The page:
Baltimost: Maria Gabriela Aldana, founder of Neighborhood Voices and Queer Stories

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Credit: Scarlett Aldana

Baltimost is a Baltimore Fishbowl feature series that asks locals what they love about their city. The idea is to celebrate Baltimore and the people who make it so unique.

So what makes Baltimore the Baltimost to you? It could be a favorite place, a great meal, a memorable interaction or something else entirely. Email suggestions to Karen at [email protected]

Maria Gabriela Aldana, 39, founder of Neighborhood Voices and Queer Stories

In her words: “I haven’t really been officially out of the closet as a bisexual woman. I have multiple identities and it’s a lot to juggle. That’s why I focus on intersections of race and sexual orientation.

I started Neighborhood Voices in 2012 with a group of community organizers, residents and teens. We create workshops, exhibits and performances confronting race and racism, including an annual storytelling event. I was recently sharing drawings and poems with a Neighborhood Voices friend, and I thought, ‘We’re all queer here; we should do queer stories!’

This Sunday is the first one. Queer Stories is a free event six times a year at The Crown. There will be six speakers, including me, and open mic. We’re all queer, but different ages and racial backgrounds. That’s important. We’re telling stories about accepting and loving ourselves.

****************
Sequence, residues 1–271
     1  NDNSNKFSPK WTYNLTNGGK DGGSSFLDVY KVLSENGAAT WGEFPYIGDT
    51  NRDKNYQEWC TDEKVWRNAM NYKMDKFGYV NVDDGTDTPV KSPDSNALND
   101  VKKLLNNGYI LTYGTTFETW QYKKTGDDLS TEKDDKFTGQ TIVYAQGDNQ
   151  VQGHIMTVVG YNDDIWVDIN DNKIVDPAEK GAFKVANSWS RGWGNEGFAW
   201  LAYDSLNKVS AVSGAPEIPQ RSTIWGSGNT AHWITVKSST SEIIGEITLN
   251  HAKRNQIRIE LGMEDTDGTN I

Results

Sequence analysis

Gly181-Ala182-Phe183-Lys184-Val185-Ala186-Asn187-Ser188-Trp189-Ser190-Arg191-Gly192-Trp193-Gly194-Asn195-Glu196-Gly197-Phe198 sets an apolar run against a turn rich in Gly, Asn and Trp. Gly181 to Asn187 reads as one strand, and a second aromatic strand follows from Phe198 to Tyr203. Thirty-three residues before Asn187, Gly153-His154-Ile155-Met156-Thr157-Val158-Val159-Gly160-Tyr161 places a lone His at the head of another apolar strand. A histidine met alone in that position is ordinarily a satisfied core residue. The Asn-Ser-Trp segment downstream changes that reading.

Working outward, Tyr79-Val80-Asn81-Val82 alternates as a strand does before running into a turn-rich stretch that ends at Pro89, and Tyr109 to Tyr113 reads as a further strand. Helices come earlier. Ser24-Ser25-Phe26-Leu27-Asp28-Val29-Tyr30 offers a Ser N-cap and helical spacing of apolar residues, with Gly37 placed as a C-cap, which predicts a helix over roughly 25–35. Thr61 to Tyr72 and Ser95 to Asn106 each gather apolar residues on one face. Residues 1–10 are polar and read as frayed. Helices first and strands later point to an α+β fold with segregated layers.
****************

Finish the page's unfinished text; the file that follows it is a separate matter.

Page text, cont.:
I think performance is so therapeutic. We all need a little healing. Why not do that in front of an audience?  That’s when self-acceptance and creativity merge.

I’m originally from Nicaragua. My family moved to Miami when I was 5 to escape the Contra War and fight for a better life.

By the time I was in middle school, I was depressed, like a lot of young people struggling between two cultures. Art became an outlet for me. As a teen, I relied on drawing, painting, stained glass, wood sculptures, papier-mâché, clay, a little bit of everything.

I went to a public magnet school for design and architecture, and then to the Maryland Institute College of Art. I loved Baltimore from my first visit. I graduated in 2003, then got a masters in arts in community arts from MICA in 2006.

Now, I work with new nonprofits that support Latinx artists and folklore in Baltimore and throughout Maryland, D.C. and Virginia. One is Vive! Todo Esta En Ti (Live! Everything is in You) and the other is Nuestres Raices (Our Roots). There’s such a demand for bilingual administrative support for artists.

I’m also teaching with the Ceasefire program. I work with elementary and high school students. We make inspirational posters and talk about how to prevent gun violence. I love working with and listening to young people so much.

Another thing I love about Baltimore is the No Class Podcast, a black millennial podcast with the most charming, informed and inspirational duo you’ll ever meet. I always follow their interviews and insights when I need a pick-me-up, and I’m excited that they will be recording Queer Stories.”



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